1 point
  7. There is really no way to give you any kind of realistic ballpark without seeing at least good pictures of the car - so many things can effect the value - of course condition is key, but things like color, how it is equipped etc play a large role in value as well. You need to decide if you want to put some money into the car to sell it or just sell it as is. If it is a particularly nice example you would probably be better off getting it ready and presenting it well - if it is an average car you may not get your $$ that you put in it back out of it so it may be better to sell it as it sits. Depending on how and where it is sitting(stored) can play a large role in what you will or may need to do to get the car on the road as well. If it is in good dry storage you may be able to out a fresh battery in, some fresh gas and get it going. It will need tires for sure if it has been sitting on it's current shoes since the 90's, at least to make it safe to drive, but if they are in good condition and hold air fine you may want to just let the buyer know that they will need replaced. So much depends on the condition of the car to guide you in the right direction. See if you can get us additional info and above all else, pictures. You may want someone that knows Buicks/cars to take a look at it for you - let us know where the car is and possibly a forum member would live close by and be able to take a look at it. 76 Electra coupes are huge elegant cars and there is a market for them if they are well preserved. If the car is exceptionally nice you will probably get your best bang for your buck from eBay - no where will it get the kind of exposure than it will get on eBay. Nothing wrong with a good Craigslist ad as well - with the national search tools available it also has it's merits. Of course you can place a for sale ad in the Buy/sell section of this forum as well.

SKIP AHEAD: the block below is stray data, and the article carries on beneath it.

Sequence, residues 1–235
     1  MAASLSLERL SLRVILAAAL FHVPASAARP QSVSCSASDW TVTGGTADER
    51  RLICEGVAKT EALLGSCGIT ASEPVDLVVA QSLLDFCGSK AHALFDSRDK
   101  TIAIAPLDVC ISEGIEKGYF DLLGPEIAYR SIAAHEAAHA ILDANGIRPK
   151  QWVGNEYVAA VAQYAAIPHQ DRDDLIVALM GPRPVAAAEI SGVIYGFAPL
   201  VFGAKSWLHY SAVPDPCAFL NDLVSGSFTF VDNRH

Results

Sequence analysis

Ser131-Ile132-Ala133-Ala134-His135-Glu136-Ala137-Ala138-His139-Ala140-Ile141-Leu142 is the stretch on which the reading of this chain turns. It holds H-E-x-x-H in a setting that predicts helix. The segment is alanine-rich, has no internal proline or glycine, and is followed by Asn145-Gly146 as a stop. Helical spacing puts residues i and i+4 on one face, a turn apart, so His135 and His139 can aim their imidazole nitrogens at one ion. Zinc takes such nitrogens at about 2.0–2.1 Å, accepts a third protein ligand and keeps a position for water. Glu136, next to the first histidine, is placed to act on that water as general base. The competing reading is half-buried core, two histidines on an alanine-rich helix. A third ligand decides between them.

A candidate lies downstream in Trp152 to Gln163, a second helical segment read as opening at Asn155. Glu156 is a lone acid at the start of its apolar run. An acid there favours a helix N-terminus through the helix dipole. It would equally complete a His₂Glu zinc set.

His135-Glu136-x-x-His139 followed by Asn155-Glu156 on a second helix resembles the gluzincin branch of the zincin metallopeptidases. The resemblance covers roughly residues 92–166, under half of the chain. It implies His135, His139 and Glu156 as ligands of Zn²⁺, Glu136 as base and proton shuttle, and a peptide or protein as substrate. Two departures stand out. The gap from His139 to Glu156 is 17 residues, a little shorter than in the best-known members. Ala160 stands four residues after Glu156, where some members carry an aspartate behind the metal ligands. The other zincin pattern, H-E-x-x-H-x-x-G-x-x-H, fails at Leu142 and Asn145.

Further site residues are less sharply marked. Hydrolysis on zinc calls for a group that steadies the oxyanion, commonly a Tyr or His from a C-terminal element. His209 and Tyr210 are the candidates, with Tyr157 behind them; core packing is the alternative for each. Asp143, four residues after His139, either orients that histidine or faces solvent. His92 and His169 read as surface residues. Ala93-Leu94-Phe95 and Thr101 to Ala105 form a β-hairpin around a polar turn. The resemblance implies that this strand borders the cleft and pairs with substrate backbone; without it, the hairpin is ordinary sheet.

1 point
  8. All Reattas came from the factory with 4 wheel ABS. The knuckle is the heavy cast iron part the front axle goes through. It swivels when you turn the wheels. The brake calipers bolt to it. "I have abs brakes so on the back they specify if the car does or does not have abs 4wd but so far I have not seen that notation with the from." I'm sorry, I don't know what you mean.
    1 point
  9. + A DUAL MASTER CYLINDER!!!!!!! It is a fairly straight forward job and is a massive improvement in safety Other than that have fun and welcome!.
    1 point
  10. Good luck with your Riv! I noticed that your glove box door sits straight and most of them don't. You are off to a good start. The hinge in the upper right corner usually breaks pre-maturely. Yours looks like it might still be intact which is a rarity. If so, open and close it with care. Regarding the exhaust, the stock transverse muffler is prone to collecting moisture and will rust out every 2 to 3 years unless the car is used as a daily driver. The resonators hold up much longer. As stated by others, you have options if you want to deviate from stock.
    1 point
  11. Yeah, I think Pontiac was busy building for the Allies, not the Axis.
    1 point
  12. 1 point
  13. Welcome! For anyone with a '63 Riv that is new to them, I will gladly decode the data plate found on the firewall above the power brake booster if you email me a good, clear, close up picture of it. You can learn a lot about how the car was originally equipped leaving the Fisher Body plant. Email is 63Riv at comcast dot net. There is also a 2-letter and 3-number code on the block that identifies the 401 engine or the 425. I can help you with that. Chasander, my '63 was also built in Nov.
    1 point
  14. Thanks! To finish off the brake light switch, reverse light switch, and horn connections went quickly after the adventure into the middle of the harness. Got the rebuilt starter reinstalled. Plan to get back to working on engine start, because with the wiring in place, hopefully engine start won't require much more in the way of parts cost. Once it starts/runs, will probably move onto the brake system - since I may be able to get functional brakes for less than the cost of a radiator recore. I expect the radiator will need to be recored, but just dropping off the radiator & writing a check is less "quality time" for me than getting a brake system going...
    1 point